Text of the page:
Mrs Shephard is due to make a statement on the school accompanied by senior officials from the schools inspection body, Ofsted. A team of Her Majesty's Inspectors could be in the school as early as next week, preparing a full report on an apparent breakdown of discipline there.
Calderdale council has already sent a report on the school to ministers, but last night its chairman of governors said he had been given no indication that an announcement on its future was about to be made. He said he feared that the governing body might be suspended.
The school, which was opened less than two years ago after a merger, had been facing increasing discipline problems since the beginning of this year.
In March, 13 year-old Sarah Taylor was excluded for pushing a teacher who tried to stop her from fighting with her boyfriend. Her parents appealed against the decision and won, but were forced to withdraw the girl after staff threatened to strike if she returned.
Last week a further crisis blew up after teachers complained of no fewer than three serious assaults by pupils. Talks between unions and governors brought no solution, and the National Association of Schoolmasters/Union of Women Teachers is now balloting on strike action.
Staff say that up to one in every ten of their 600 pupils is "unteachable" and that some drastic action should be taken. They believe that if more children had been excluded from the school at an earlier stage the problem might have been contained.
The head , Karen Stansfield, has resigned along with one of her two deputies, complaining of disappointment and exhaustion. They are expected to leave at the end of term.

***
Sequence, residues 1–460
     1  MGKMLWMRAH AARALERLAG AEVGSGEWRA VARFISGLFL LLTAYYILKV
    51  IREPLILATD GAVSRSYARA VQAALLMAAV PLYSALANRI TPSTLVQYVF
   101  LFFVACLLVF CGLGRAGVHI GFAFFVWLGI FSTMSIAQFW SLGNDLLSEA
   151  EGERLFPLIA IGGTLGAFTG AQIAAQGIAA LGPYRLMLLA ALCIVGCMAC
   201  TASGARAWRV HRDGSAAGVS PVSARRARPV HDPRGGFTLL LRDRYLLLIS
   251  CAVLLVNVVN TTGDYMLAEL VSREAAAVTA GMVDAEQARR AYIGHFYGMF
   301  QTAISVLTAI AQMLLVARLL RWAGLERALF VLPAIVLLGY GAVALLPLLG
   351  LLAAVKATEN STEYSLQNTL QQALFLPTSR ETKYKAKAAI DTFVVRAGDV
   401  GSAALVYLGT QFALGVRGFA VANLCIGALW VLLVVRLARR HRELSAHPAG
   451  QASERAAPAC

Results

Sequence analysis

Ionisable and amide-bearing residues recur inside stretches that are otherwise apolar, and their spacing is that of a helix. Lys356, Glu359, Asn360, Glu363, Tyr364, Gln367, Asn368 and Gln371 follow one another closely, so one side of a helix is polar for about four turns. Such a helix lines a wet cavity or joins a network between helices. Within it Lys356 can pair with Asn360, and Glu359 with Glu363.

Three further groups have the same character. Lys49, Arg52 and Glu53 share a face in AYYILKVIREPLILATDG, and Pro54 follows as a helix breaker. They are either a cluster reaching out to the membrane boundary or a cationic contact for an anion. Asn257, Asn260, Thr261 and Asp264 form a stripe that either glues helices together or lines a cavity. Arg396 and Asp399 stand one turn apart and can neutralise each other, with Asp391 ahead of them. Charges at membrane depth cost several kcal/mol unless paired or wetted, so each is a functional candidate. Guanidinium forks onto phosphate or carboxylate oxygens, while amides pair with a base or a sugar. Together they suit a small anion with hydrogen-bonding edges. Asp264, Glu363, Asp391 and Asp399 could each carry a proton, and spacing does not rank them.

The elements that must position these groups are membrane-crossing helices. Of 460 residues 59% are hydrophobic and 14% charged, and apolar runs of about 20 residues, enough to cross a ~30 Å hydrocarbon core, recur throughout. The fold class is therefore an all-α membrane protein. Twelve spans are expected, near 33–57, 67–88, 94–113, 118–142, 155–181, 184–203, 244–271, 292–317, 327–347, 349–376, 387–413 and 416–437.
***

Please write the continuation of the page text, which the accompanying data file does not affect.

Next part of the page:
The local authority, the school governors and unions have continued to negotiate, and yesterday the governors said a number of measures were being proposed to alleviate the situation. The council has promised extra resources and more support for the school.
Last night the chairman of governors, the Rev Stan Brown, said he would be disappointed if the press were informed about the decision before staff at the school had been told. "We have been working with the local authority to put together a package of measures. Whether Mrs Shephard has taken into account what is being suggested before making a judgement I would be interested to know".
"It may well mean that the present governing body is suspended," he said.
Brian Garvey, regional executive member of the NASUWT, said that staff at the school would welcome any help they were offered.
"We don't want people going in to see what's happening. We have told them what's happening. We want people to come in and tell us what to do. If Gillian Shephard wanted to roll up her sleeves and sort things out the staff would cheer her through the door," he said.Reuse content